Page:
When sound waves hit the microphone, the diaphragm moves back and forth in motion with the soundwave.

Because the backplate is stationary, the movement of the diaphragm varies the distance between the two plates.

The change in the distance changes the amount of capacitance between the plates.

When the plates are closer together, capacitance increases and a charge current occurs.

When the plates are further apart, capacitance decreases and a discharge current occurs.

Due to condenser diaphragm being much thinner than dynamic’s, it pulsates to sound waves more accurately. As a result, condensers sound more natural and transparent.

The right microphone for you

The microphone will depend on your budget and needs.

Condenser microphone type is the most use in recording studios and possible the first microphone you will get.

It is the preferred choice for most engineers when recording vocals because condensers pick up more of the natural tone of a singer’s voice.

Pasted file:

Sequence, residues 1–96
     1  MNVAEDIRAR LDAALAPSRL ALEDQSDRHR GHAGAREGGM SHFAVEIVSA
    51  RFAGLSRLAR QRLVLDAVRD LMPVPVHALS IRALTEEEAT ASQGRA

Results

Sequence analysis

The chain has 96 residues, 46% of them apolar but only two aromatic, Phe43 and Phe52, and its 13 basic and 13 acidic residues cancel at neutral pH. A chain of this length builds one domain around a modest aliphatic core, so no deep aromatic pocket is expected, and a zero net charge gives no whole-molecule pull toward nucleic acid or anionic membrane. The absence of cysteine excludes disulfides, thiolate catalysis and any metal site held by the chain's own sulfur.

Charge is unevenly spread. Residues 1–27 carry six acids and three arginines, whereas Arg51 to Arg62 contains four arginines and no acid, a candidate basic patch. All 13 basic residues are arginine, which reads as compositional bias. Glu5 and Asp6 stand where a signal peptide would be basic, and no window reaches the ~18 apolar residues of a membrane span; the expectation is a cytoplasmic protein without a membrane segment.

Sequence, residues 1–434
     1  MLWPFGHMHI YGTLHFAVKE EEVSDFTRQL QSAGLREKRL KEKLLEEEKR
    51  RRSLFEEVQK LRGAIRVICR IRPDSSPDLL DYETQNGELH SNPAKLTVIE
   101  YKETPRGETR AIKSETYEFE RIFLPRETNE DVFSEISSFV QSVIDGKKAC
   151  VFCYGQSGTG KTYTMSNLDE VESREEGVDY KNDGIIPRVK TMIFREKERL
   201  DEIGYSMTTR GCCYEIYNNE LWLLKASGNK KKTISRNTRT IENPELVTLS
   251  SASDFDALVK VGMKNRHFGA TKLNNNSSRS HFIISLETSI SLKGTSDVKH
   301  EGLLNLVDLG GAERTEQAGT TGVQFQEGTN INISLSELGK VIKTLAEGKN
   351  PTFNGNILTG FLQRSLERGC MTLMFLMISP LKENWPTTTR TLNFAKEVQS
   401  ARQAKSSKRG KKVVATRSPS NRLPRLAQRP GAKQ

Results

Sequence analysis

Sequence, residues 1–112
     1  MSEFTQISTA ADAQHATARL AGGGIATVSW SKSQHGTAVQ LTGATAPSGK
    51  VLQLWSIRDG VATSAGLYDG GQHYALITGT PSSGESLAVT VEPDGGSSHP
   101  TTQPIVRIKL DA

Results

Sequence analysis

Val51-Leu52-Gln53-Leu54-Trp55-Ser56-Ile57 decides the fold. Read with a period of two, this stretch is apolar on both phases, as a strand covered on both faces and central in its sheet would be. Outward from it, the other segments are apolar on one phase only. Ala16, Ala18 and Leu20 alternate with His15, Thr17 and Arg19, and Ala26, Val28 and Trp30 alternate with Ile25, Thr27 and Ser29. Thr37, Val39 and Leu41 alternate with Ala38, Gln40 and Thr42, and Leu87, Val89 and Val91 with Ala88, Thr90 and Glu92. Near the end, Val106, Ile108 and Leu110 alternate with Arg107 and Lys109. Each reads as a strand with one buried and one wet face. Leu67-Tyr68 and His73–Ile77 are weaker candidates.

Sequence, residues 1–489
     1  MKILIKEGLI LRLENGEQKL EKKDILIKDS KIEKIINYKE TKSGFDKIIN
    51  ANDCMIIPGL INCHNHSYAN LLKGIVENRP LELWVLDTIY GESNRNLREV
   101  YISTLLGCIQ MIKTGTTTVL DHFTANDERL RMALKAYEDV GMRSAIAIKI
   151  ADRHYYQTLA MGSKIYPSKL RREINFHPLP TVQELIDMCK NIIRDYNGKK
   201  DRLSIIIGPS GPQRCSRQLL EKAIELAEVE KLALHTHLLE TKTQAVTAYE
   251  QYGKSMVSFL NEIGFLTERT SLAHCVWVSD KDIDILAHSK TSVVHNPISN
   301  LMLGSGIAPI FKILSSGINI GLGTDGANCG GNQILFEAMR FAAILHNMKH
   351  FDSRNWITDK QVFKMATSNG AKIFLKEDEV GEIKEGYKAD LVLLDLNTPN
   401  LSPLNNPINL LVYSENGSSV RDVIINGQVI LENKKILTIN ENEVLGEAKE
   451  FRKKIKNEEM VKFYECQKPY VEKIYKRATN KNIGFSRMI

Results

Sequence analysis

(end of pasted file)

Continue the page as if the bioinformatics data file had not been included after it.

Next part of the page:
Because condenser microphones are so detail and transparent, they are also used to mic acoustic guitars and other percussive instruments.

Thinking about recording vocals or percussive instruments, then a condenser microphone may be right for you.

But a good quality condenser microphone can be expensive. If you are on a budget, you may want to consider a dynamic microphone.

Dynamic microphones are cheaper to make, which means you can find good quality dynamic mics without the big price tag.

If you are getting microphones for live performance, dynamics mics are your best choice. They are robust enough to handle the wear and tear of sound reinforcement.

Dynamic microphones aren’t just for live sound.

When recording instruments that produce high energy sound in a studio environment, you would use a dynamic microphone.

You don’t want to mic a kick drum or bass amp with your expensive condenser.

Dynamic microphones can also use to record vocals and other percussive instruments.

They won’t capture the bright tone you get from a condenser microphone.

Dynamic microphone has a warmer tone because they pick up more mid-range frequencies and less of the high.